The prospect of Victrex becoming a bid target was highlighted yesterday as positive broker comments helped the high-tech plastics company to surge up the mid-tier index.
The Lancashire-based group was driven forwards 45p to 1,395p, with traders pointing to the decision by Goldman Sachs to name it as the broker's "top pick" in the mid-cap chemicals sector. Initiating coverage on Victrex with a "buy" recommendation and a target price of 1,830p, Goldman described it as an "attractive acquisition" target because of its "unique technology and customer relationships".
Recommending the group toinvestors, the broker's analysts said it "presents an excellent opportunity to buy a consistently high-returning company", and they also praised its peers Croda and AZ Electronics, saying that all three "produce specialised products and operate in niche, high-growth markets with barriers to entry". The former put on 16p to 1,694p after the analysts said it was another company likely "to be the subject of merger and acquisition speculation", but AZ edged back 0.3p to 275.6p despite keeping its "buy" rating.
Overall, the FTSE 100 managed to climb above the 6,000 point level for the first time in almost a month, closing 101.16 points better off at 6,009.92. As well as noting that the first day of the month often produces gains, market voices said the closely watched US non-farm payroll report, which managed to beat expectations, had boosted investors' confidence.
The UK banking stocks dominated the top-tier leaderboard thanks to the fall-out from the Irish bank stress tests results, released late on Thursday, with Lloyds Banking Group advancing 2.91p to 61p. Capital Spreads' Angus Campbell said that "original concerns over the ... tests amounted to nothing", adding that the "recapitalisation of Ireland's banks has prevented nationalisation for now at least.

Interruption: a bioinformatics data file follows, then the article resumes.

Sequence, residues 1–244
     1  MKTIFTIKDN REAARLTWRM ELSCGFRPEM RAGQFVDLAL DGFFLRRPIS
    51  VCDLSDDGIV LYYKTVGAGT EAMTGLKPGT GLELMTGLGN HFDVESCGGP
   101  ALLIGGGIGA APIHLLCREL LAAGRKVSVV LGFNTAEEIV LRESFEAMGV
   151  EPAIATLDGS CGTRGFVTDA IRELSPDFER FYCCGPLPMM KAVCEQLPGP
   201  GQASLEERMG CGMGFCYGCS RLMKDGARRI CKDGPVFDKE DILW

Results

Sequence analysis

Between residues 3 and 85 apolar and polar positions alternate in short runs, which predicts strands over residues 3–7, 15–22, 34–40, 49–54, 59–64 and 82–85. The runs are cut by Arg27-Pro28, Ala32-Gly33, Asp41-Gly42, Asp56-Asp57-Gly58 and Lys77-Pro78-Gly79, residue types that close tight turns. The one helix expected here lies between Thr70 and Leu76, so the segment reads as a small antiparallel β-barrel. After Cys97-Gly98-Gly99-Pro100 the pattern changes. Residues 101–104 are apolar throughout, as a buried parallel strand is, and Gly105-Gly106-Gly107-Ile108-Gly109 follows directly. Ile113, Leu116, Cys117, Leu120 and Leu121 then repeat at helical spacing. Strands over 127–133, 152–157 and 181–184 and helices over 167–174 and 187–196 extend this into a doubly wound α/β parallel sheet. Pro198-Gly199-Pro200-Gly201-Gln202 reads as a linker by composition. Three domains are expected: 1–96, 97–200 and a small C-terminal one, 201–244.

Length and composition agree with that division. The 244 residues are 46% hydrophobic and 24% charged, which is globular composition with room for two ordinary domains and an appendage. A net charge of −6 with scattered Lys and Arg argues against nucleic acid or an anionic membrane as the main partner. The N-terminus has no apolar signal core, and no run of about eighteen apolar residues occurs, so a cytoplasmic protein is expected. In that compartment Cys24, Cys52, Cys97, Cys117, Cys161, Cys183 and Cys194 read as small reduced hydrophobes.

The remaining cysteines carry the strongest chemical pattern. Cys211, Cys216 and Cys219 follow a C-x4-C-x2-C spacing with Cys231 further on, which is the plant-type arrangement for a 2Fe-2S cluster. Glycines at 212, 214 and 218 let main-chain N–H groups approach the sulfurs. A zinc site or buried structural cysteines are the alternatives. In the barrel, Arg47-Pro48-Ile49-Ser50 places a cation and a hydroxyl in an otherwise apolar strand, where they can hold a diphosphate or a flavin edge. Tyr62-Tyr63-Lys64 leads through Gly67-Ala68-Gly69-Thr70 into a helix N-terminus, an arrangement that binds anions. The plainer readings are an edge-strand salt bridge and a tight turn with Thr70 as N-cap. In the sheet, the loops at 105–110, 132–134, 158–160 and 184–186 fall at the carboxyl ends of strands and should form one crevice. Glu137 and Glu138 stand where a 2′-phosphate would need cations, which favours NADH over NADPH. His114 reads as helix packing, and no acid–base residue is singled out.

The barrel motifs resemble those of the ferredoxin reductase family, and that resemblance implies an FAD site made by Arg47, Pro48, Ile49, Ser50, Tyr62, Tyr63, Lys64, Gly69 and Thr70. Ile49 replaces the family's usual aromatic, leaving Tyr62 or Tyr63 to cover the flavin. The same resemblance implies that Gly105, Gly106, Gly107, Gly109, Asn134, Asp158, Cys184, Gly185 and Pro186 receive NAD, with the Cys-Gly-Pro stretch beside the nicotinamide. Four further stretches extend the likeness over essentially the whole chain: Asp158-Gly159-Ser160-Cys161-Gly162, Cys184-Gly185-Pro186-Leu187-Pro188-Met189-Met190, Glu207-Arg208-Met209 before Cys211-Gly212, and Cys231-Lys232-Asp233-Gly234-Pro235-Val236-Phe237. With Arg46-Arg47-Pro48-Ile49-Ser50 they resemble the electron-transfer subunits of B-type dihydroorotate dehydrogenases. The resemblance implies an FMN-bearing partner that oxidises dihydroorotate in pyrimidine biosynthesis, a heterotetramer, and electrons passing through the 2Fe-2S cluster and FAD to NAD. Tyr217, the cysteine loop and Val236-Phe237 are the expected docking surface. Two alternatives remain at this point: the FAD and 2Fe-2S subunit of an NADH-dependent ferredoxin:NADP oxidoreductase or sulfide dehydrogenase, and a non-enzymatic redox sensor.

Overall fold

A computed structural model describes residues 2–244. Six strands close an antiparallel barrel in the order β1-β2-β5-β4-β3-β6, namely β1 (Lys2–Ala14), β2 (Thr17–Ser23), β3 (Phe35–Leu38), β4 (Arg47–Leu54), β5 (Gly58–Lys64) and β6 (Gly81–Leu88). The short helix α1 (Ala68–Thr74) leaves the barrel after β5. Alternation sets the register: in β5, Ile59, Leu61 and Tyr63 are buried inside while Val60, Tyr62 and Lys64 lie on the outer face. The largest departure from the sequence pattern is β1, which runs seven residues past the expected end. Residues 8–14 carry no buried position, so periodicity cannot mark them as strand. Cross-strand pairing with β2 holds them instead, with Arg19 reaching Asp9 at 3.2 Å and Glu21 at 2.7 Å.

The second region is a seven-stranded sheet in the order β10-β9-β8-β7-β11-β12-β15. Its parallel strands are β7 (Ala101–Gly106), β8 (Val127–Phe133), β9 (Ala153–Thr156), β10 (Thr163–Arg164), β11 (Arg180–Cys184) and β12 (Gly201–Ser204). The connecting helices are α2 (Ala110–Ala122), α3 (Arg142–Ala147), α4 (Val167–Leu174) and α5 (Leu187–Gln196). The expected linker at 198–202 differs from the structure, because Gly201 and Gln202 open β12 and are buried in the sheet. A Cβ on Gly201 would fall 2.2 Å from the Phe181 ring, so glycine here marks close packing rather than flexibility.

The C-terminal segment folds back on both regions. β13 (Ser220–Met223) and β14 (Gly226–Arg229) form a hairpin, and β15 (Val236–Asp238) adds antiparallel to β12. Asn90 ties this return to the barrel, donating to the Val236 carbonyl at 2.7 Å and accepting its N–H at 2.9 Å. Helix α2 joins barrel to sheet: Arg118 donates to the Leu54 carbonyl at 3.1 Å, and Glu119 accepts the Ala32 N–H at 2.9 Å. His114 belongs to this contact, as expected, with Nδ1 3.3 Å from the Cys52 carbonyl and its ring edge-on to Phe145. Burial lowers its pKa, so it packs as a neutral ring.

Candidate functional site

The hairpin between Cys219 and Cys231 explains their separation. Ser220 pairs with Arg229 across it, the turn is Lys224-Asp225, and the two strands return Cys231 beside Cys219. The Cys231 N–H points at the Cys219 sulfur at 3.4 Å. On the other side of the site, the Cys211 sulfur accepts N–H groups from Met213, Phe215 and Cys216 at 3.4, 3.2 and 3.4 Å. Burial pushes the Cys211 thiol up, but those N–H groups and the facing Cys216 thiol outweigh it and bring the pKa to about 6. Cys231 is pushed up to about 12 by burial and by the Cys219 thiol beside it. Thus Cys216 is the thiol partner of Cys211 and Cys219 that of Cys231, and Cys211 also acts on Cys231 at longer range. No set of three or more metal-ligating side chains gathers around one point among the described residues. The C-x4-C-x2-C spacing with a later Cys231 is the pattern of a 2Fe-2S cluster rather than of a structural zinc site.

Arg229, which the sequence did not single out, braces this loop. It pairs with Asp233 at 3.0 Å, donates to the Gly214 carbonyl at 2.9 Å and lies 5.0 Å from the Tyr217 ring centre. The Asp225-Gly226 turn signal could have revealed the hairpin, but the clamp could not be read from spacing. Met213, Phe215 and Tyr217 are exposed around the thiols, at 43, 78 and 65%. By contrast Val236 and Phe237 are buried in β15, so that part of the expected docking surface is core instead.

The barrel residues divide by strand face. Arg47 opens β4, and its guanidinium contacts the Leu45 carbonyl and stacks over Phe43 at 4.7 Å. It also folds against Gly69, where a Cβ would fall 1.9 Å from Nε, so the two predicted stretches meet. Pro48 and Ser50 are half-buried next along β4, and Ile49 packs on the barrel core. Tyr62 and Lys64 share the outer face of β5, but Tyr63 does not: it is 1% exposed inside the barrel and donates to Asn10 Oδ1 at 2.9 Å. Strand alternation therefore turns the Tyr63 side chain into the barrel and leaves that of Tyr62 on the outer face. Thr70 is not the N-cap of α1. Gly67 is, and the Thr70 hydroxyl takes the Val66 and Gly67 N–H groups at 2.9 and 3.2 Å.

The insurers were also left higher. Prudential and Old Mutual rose 24p to 730.5p and 4.1p to 140.1p, the latter announcing that the planned sale of its US life unit to Harbinger had reached the next stage after being approved by regulators in Maryland.
BP was another company that finished stronger, helped by comments from JP Morgan Cazenove which said the energy giant stands out "as seriously underpriced" among its peers. The broker gave it a price target of 575p, and the group – which announced it had signed four new contracts for coal-bed methane areas in Indonesia that it will operate with local companies – shot up 16p to 470p.
On the FTSE 250, Premier Foods closed near the top after Morgan Stanleyupgraded the Mr Kipling owner to "overweight". "Having spent four years integrating acquisitions and thenrestructuring the financial fall-out of those deals," said the broker, "we think Premier is finally in a position to focus on delivering profitable growth."
The group was given a price target of 40p, and it responded by climbing 1.76p to 29.69p.
A terrible week for the retailers was brought to an end by the release of yet more worrying news, as John Lewis announced its latest weekly figures. The department store's sales were nearly 3.8 per cent below the same period a year ago, or 5.7 per cent without VAT, and Howard Archer, of IHS Global Insight, said the data was "particularly significant as John Lewis has been very much an out-performer in the retail sector."
Nonetheless, many of the high street stores were enjoying small rebounds after their large falls recently, including Dixons, up 0.15p to 12.72p, Debenhams, up 2.5p to 61.7p, and Mothercare, up 5.3p to 405.3p. The baby products retailer issued a gloomy trading statement on Thursday, and yesterday Seymour Pierce downgraded its rating to sell, warning that it faces "real structural competitive pressures [which are]only likely to increase with Morrison buying Kiddicare."
The pubs group Mitchells & Butlers crept forward 0.9p to 302.6p on suggestions that it should make a play for Spirit, the unit which Punch Taverns – 0.15p ahead at 77.2p – is planning to spin off. Nigel Parson, of Evolution Securities, said the demerger offers an "opportunity" for M&B to "grow earnings via acquisition or merger, find a new chief executive in the form of [Punch's] Ian Dyson and lead to the stock being re-rated."
The small-cap online gaming company 888 Holdings soared 6.75p to 50p after reports emerged that Ladbrokes – down 1.1p to 131.4p – is considering increasing its offer to more than 70p a share. The two revealed preliminary discussions were taking place last December, but updates on the progress of the talks have been scarce.
Meanwhile on the AlternativeInvestment Market, Max Petroleum powered up 1p to 17p as the explorer revealed it had found high-quality oil in one of its wells in Kazakhstan. Releasing its operational update, the firm was bullish on its outlook and predicted "a substantial increase in production and revenues in the near term".